Final thoughts

Yes, the motorola razr is too expensive. Yes, its specs are... mediocre to say the least. It's not very competitive against the regular flagships out there. If it were a regular phone, it would have been lambasted and totally destroyed, but none of this will happen with the razr, because it plays so well with your nostalgia. It's a proof of concept that sets the stage for something much bigger for Motorola's future. It's also a foldable phone done right, showing that foldables don't need to be those quirky monstrosities that look so unnatural and unwieldy. The razr is quirky in its own way, one that makes it hard to fault it for anything.

Yes, you could say that the motorola razr is a terrible phone, but it's also awesome and I totally love it!



1. Diego!

Posts: 880; Member since: Jun 15, 2009

I hope V2 of this phone improves on the internal specs (battery, chipset, cameras) and I'll give it a try. This one looks amazing but I want a better camera and I'll gladly spend a lot of money on it. The hinge is definitely a win win. There is no visible crease at all and Motorola has taught Samsung and Huawei a lesson on how a foldable phone is done. Great job!

21. matistight

Posts: 1052; Member since: May 13, 2009

You mean V3?

22. sgodsell

Posts: 7605; Member since: Mar 16, 2013

This guy only used it at a show, and that is it. It comes with a 10nm octa core SD 710 SoC, which is rated to drive a QHD+ display. This new Razr has a Full HD+ resolution display. It also has 6 GB of ram, and 128 GB of storage. A 16 mp camera with a secondary ToF camera, a 5 mp front camera. Plus a finger print scanner in the front. The only thing that might be classified as middle of the road specs for 2019, is the SoC, but its definitely not middle of the road specs. For crying out load it has a ToF camera like the S10, which people could use to scan in objects to 3D print out later if they want to, using this Razr. Can't do that on any iPhone, until they get a ToF camera. Most likely the 710 SoC was used to help in battery life, since it's designed and rated for battery life conservation.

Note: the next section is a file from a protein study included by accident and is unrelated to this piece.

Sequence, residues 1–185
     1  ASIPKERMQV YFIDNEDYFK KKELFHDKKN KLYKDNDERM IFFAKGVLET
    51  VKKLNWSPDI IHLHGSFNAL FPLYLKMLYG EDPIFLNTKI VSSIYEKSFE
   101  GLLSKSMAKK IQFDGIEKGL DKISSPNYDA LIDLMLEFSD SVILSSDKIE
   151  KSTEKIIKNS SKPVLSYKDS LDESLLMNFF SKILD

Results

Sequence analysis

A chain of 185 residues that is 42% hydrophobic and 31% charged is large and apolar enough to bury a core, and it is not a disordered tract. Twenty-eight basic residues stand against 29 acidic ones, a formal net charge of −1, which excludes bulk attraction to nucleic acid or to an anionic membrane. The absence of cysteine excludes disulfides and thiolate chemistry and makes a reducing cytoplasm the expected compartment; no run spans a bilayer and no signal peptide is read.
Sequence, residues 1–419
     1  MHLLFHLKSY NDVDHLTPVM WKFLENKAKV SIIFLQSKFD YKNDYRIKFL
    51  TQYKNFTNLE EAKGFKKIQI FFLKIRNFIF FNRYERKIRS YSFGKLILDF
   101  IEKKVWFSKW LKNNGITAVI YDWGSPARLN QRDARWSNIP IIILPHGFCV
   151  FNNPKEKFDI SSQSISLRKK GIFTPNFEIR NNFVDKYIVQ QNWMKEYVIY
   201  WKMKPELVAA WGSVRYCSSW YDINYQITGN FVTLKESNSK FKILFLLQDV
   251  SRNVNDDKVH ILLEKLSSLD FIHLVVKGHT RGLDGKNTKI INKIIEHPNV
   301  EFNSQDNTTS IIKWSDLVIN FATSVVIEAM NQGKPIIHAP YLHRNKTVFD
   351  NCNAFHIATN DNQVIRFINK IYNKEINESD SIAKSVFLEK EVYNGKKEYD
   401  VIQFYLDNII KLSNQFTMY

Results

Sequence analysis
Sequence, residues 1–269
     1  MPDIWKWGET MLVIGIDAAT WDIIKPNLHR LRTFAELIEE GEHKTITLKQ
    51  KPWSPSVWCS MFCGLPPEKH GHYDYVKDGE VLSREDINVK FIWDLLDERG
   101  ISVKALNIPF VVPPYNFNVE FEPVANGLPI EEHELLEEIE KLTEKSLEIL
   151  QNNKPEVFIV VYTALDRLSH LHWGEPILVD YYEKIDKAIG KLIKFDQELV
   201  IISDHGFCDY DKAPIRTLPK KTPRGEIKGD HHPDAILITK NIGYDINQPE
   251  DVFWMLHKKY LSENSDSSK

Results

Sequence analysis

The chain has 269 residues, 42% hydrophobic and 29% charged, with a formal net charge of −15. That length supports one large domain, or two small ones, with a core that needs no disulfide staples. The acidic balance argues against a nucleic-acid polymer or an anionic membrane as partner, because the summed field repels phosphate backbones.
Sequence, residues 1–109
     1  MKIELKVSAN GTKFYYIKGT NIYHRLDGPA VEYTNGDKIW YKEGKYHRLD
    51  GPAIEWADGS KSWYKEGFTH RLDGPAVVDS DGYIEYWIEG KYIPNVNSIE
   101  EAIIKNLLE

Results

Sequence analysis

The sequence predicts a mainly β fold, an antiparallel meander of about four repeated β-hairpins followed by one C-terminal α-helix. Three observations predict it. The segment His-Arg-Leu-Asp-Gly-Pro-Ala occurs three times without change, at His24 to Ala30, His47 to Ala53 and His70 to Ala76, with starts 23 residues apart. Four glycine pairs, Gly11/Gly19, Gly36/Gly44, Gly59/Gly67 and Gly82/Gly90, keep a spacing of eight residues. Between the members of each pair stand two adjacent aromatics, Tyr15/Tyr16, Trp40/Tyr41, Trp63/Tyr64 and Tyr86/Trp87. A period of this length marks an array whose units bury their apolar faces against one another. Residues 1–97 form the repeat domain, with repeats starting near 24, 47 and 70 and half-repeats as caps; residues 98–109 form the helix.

24. Brewski

Posts: 736; Member since: Jun 05, 2012

No, he means V2. As in version 2. This article is about version 1, so next would be version 2. V3 is just what the original Razr fliphone model number was. There was no V1 or V2.

45. Diego!

Posts: 880; Member since: Jun 15, 2009

I said V2 of this phone as the next generation.

37. Alcyone

Posts: 608; Member since: May 10, 2018

The V3 was the original. V6 was the second itiration, as i recall.

2. Sam1ne

Posts: 62; Member since: Apr 07, 2019

The greatest thing about this device is that it definitely shows foldables are the next big thing.. be it a book or a clamshell type, the technology is here to make these devices compromise-free. If future generations manage to incorporate bendable glass (Samsung's next foldable) and some kind of IP certificate on top of this kind of hinge and screen folding mechanism at a normal price, they will sell like hotcakes.